City College has partnered with Standard Chartered Bank to create a program that targets women entrepreneurship in technology. The initiative, the Women Entrepreneurs Resource Center, is within the college’s center, Zahn Innovation. The collaboration was launched in the fall of 2014 and aims to build more opportunities for women in business.
Zahn’s executive director, Lindsay Siegel says that Standard Chartered Bank approached them last year and a relationship was formed. Zahn enables entrepreneurs to develop startups by taking classes, participating in competitions with a $30,000 prize and attending a startup boot camp. Standard Chartered is committed to serving as Zahn’s banking group as they generally do for businesses.
One of the organization’s students, Carrie Evans, expresses her gratitude for being selected and getting to work in a creatively-driven atmosphere.
“It’s been a whirlwind experience. The program has been fast-paced and we are constantly being propelled forward,” she says.
The students are given anything needed to implement their ideas, from seed money to pro bono and IP lawyers, accountants and mentors. There are also weekly meetings with the program’s directors and students.
Evans, who is a Theater major and a mother, has been working hard to execute her cloth diaper business called Cubbies. She admits to lacking a business background prior to the program, but has since discovered solutions for easing the process of cloth diapering and making her business mainstream. When she spotted a flyer for the Zahn Competition, she jumped at the opportunity and has been satisfied ever since.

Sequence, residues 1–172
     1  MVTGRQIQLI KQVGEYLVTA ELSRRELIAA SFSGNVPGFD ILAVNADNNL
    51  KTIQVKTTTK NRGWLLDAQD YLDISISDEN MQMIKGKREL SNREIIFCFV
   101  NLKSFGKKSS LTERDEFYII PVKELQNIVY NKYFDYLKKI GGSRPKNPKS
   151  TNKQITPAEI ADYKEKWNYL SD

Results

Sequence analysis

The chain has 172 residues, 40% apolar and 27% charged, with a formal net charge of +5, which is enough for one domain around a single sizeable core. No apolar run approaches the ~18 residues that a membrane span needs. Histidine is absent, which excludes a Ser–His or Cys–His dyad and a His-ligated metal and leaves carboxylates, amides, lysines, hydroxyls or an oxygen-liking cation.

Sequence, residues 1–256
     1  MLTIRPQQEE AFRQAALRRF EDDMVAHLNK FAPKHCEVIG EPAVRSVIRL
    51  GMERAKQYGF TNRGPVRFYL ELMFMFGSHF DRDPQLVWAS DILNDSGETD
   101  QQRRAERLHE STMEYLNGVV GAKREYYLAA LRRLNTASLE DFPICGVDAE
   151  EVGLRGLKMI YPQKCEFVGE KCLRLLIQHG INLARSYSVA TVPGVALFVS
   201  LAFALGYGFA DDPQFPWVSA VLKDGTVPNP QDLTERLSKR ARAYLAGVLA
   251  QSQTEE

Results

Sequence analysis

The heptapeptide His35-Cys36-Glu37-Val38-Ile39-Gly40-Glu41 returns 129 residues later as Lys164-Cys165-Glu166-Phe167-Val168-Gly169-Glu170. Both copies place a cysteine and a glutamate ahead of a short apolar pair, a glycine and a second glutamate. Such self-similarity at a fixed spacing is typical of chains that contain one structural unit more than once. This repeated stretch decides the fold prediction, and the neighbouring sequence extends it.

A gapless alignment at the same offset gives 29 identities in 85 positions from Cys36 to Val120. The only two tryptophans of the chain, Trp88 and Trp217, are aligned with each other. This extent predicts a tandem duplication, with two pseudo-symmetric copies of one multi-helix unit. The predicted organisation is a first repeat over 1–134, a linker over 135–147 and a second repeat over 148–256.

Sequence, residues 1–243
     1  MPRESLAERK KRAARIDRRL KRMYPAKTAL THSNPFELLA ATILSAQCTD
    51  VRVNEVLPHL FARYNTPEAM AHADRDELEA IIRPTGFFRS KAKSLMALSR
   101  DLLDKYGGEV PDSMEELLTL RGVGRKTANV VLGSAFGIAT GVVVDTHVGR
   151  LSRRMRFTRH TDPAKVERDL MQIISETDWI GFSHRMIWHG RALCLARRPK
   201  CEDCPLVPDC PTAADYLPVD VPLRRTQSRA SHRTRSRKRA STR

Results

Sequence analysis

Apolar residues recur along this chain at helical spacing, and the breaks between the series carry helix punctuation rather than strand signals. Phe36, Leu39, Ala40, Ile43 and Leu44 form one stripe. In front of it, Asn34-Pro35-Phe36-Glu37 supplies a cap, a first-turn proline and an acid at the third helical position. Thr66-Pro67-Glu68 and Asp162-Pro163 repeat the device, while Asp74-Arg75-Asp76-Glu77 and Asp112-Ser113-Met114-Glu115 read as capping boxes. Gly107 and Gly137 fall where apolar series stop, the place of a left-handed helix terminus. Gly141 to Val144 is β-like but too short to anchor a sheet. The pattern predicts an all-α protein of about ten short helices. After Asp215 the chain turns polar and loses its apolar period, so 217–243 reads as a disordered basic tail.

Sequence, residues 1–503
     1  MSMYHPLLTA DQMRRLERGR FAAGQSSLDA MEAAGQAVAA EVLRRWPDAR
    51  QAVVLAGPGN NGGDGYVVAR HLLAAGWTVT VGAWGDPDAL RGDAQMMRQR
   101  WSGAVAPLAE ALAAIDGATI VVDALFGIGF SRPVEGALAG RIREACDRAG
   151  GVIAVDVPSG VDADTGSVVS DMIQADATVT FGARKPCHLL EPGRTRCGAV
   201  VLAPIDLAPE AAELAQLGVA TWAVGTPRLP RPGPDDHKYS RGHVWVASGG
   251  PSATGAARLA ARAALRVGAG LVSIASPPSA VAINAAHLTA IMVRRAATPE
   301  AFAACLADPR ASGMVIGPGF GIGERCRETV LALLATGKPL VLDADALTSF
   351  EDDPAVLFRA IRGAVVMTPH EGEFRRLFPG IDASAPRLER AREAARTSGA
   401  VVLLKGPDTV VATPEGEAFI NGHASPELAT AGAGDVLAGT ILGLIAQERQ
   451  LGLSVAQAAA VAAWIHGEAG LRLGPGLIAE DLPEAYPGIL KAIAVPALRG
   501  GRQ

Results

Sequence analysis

“It’s exciting to be one of the new Standard Chartered Business Women. It’s a lot of hard work, but it’s so fulfilling,” Evans adds.
Chris Teo, the head of Standard Chartered’s Business and Corporate Communications, says the bank offers various programs to bring diversity.
As a team, Zahn and Standard Chartered foster a community that executes their mission to revolutionize women in the tech industry. The goal is to culturally shift a society where gender diversity is often misrepresented.
Siegel says the expansion is still in its early stages, though in the near future they have more planned, including specialized courses and a mentorship program.
“The response from students has been great,” she adds. “Entrepreneurship is not only important for women, but for any student, it is a good idea.”